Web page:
Eno Transportation Weekly

Category: Regional governance

Guest Op-Ed: Local MPOs Are Already Cooperating

MPOs accountable to local elected officials–who in turn answer to local voters—are best suited to represent the local transportation needs and concerns. We should work together to create a system that insures those local voices remain sufficiently local to understand local concerns, and yet are still heard at statewide and national levels.

Mapping the Digital City

While GPS mapping was groundbreaking, auto manufacturers and tech companies are now rushing to create sophisticated, ultra-precise maps of cities and every possible inch of road throughout the United States. The primary objective is to build functional and thorough digital representations of urban environments that autonomous vehicles, drones, and other automated technologies can use to safely navigate to any destination.

FHWA/FTA Proposed Rule Would Reshuffle MPOs Nationwide

On June 27th, the Federal Highway Administration and Federal Transit Administration jointly released a Notice of Proposed Rulemaking on Metropolitan Planning Organization (MPO) Coordination and Planning Area Reform. This rule has the potential to dramatically reshape the transportation planning landscape.

USDOT Issues Final Revisions to Metro/State Planning Rule

On May 27th, the Federal Highway Administration (FHWA) and the Federal Transit Administration (FTA) jointly released a final rule updating metropolitan, nonmetropolitan, and statewide transportation planning rules to reflect changes in law made by the enactment of the Moving Ahead for Progress in the 21st Century Act (MAP-21) in 2012 and the Fixing America’s Surface Transportation (FAST) Act in 2015.

How Local Governments Should Plan for Driverless Cars

The potential impact of autonomous vehicles on society is vast, with both positive and negative implications.

Generally, public safety is the largest positive impact cited as AVs have the potential to eliminate the majority of the 94 percent of automobile accidents caused by human error.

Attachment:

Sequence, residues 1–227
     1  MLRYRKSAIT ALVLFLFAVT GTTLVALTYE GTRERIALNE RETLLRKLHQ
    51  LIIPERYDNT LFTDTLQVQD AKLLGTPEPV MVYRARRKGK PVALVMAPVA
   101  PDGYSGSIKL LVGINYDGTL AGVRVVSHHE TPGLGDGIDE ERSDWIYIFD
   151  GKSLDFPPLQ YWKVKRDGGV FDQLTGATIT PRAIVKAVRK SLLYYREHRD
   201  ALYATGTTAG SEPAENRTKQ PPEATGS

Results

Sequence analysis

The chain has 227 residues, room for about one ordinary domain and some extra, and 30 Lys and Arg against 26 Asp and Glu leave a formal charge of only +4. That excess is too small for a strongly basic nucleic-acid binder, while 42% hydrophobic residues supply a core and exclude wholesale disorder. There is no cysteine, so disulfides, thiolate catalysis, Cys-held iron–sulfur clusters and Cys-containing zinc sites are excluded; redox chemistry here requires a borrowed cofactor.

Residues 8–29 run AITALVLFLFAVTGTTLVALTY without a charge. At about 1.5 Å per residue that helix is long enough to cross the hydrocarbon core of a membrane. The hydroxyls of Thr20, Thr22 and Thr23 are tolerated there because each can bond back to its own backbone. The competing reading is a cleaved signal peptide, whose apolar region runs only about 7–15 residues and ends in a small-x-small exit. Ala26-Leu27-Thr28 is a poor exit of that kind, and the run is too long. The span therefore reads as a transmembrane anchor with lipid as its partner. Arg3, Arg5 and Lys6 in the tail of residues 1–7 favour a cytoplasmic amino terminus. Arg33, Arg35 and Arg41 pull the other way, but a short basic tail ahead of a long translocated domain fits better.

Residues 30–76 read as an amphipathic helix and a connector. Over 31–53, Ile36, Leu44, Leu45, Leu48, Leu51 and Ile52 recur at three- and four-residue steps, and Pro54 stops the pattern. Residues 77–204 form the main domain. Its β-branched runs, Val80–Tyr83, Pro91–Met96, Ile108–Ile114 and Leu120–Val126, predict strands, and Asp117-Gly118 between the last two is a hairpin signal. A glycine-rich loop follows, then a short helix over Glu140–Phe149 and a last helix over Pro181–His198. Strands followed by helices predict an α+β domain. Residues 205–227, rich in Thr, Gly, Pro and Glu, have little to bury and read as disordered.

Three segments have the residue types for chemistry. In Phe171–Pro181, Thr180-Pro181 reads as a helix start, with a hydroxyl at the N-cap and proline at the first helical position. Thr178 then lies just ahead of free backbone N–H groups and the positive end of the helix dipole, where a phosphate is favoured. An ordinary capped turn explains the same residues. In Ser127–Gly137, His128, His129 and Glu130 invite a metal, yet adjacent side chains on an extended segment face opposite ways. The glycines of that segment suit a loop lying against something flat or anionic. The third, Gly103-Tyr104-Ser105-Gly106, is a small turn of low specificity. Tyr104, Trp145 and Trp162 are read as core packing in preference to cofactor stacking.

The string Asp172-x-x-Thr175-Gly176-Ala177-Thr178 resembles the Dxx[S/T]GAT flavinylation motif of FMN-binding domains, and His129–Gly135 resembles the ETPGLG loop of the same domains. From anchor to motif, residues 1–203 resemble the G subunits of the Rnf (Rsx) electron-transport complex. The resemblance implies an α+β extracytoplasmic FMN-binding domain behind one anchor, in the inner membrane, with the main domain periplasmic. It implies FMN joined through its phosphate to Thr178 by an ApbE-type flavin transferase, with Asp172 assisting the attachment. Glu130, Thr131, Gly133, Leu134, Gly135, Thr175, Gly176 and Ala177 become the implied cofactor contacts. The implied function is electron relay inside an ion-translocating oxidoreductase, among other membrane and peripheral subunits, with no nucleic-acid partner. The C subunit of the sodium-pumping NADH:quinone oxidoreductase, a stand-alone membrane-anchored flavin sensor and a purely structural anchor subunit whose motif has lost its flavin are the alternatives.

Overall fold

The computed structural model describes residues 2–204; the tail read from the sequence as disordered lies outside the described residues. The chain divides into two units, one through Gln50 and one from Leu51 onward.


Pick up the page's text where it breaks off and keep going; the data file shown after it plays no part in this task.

The Tactical Transportation Toolkit (T3)

When it comes to transportation problems and solutions in America, the focus often remains on the dense urban agglomerations – New York, San Francisco, LA, Chicago, etc. But what about the smaller towns and metropolitan suburbs, where the majority of Americans live?

Administration Re-Releases GROW AMERICA Bill Text

April 2, 2015 – The Obama Administration this week submitted the legislative text of a slightly revised version of the GROW AMERICA Act, its six-year, $478 billion surface transportation reauthorization proposal, to Congress.

Highlights of Mass Transit Policy Changes in the DRIVE Act

July 22, 2015 – Division B of the new McConnell substitute amendment for the DRIVE Act contains previously unseen provisions reauthorizing mass transit programs drafted by the staff of the Senate Banking, Housing and Urban Affairs Committee. The funding authorization levels are displayed in the table elsewhere in this issue. An initial overview of major policy changes in Division B follows.

Common Ground for Airport Investment

One might think that investing in airport infrastructure would be something that airport authorities and airlines would agree upon. Airport operators want to provide better services, and airlines want better airports. This would seem to be a no-brainer.

Election Gives Mixed Message For Trans. & Infra.

November 10, 2014 – Voters in numerous states and localities sent mixed messages on transportation and infrastructure ballot initiatives in last week’s elections. Upon further analysis, a few patterns emerge.

California: Helping Themselves to a Brighter Future

BY KYLE MOTYCKA Business Development and Proposal Manager – Rail Veolia Transportation Maintenance & Infrastructure, Inc. California and Hollywood. The tie goes back to the early days of film where individuals had big dreams and Hollywood was the place where dreams come true.

Is It Time to Dismantle the Port Authority of New York & New Jersey?

BY DAVID Z. PLAVIN Like living organisms, public authorities seem to have a finite life cycle. They come into being to serve a public purpose: to undertake and/or finance public enterprises that other general governmental entities can not or do not want to do, and/or to insulate the elected leadership from any negative consequences.

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